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ARS Home » Southeast Area » Athens, Georgia » U.S. National Poultry Research Center » Endemic Poultry Viral Diseases Research » Research » Publications at this Location » Publication #344857

Research Project: Enhancing Genetic Resistance to Marek’s Disease in Poultry

Location: Endemic Poultry Viral Diseases Research

Title: Allele-specific expression of CD4+ T cells in response to Marek’s disease virus infection

item BAI, HAO - University Of Maryland
item HE, YANGHUA - University Of Maryland
item DING, YI - University Of Maryland
item CARRILLO, JOSE - University Of Maryland
item SELVARAJ, RAMESH - The Ohio State University
item Zhang, Huanmin
item CHEN, JILAN - Chinese Academy Of Agricultural Sciences
item SONG, JIUZHOU - University Of Maryland

Submitted to: Genes
Publication Type: Peer Reviewed Journal
Publication Acceptance Date: 9/10/2019
Publication Date: 9/17/2019
Citation: Bai, H., He, Y., Ding, Y., Carrillo, J.A., Selvaraj, R.K., Zhang, H., Chen, J., Song, J. 2019. Allele-specific expression of CD4+ T cells in response to Marek’s disease virus infection. Genes. 10(9):718.

Interpretive Summary: All diploid organisms have two members at each gene position, known as alleles at each genetic locus in science. Studies show so far that the two members do not necessarily always express themselves equally and the unequal expression of one member over the other is often differentially associated with cellular functionalities. This study systematically examined gene member expression in chicken in response to an avian herpesvirus exposure, known as Marek’s disease virus challenge, and identified over a hundred genes with unequal member expression between two genetically divergent cross flocks. The identified genes genetic polymorphisms would be instrumental in genetic improvement for Marek’s disease resistance by selection.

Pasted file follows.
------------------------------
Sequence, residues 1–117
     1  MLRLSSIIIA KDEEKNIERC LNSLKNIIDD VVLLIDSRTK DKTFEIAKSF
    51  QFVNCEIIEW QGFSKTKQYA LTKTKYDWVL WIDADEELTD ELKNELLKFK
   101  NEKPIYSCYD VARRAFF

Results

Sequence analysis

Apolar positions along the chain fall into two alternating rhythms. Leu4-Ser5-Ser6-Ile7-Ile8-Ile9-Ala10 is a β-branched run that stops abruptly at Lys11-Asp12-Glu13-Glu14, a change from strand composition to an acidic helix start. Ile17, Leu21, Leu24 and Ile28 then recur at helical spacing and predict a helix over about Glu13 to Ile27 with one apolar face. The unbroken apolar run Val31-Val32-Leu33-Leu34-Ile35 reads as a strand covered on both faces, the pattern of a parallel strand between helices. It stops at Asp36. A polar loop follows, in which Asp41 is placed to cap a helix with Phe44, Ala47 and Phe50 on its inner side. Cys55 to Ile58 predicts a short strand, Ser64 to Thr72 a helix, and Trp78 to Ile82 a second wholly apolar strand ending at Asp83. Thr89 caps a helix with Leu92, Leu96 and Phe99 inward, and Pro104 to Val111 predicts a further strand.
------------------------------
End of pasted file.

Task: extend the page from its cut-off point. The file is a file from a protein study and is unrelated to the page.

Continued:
Technical Abstract: Marek’s disease (MD) is a T cell lymphoma disease induced by Marek’s disease virus (MDV), a highly oncogenic a herpesvirus primarily affecting chickens. MD is a chronic infectious disease that threatens the poultry industry. However, the mechanisms of genetic resistance for MD are complex and not completely understood. In this study, to identify high-confidence candidate genes of MD genetic resistance, high throughput sequencing (RNA-seq) was used to obtain transcriptomic data of CD4+ T cells isolated from MDV-infected and non-infected groups of two reciprocal crosses of individuals mating by two highly inbred chicken lines (63 MD-resistant and 72 MD-susceptible). After RNA-seq analysis with two biological replicates in each group, we identified 61 and 123 single nucleotide polymorphisms (SNPs) (false discovery rate (FDR) < 0.05) annotated in 39 and 132 genes in intercrosses 63 × 72 and 72 × 63, respectively, which exhibited allele-specific expression (ASE) in response to MDV infection. Similarly, we identified 62 and 79 SNPs annotated in 66 and 96 genes in infected and non-infected groups, respectively. We identified 534 and 1543 differentially expressed genes (DEGs) (FDR < 0.05) related to MDV infection in intercrosses 63 × 72 and 72 × 63, respectively. We also identified 328 and 20 DEGs in infected and non-infected groups, respectively. The qRT-PCR using seven DEGs further verified our results of RNA-seq analysis. The qRT-PCR of 11 important ASE genes was performed for gene functional validation in CD4+ T cells and tumors. Combining the analyses, six genes (MCL1, SLC43A2, PDE3B, ADAM33, BLB1, and DMB2), especially MCL1, were highlighted as the candidate genes with the potential to be involved in MDV infection. Gene-set enrichment analysis revealed that many ASE genes are linked to T cell activation, T cell receptor (TCR), B cell receptor (BCR), ERK/MAPK, and PI3K/AKT-mTOR signaling pathways, which play potentially important roles in MDV infection. Our approach underlines the importance of comprehensive functional studies for gaining valuable biological insight into the genetic factors behind MD and other complex traits, and our findings provide additional insights into the mechanisms of MD and disease resistance breeding in poultry.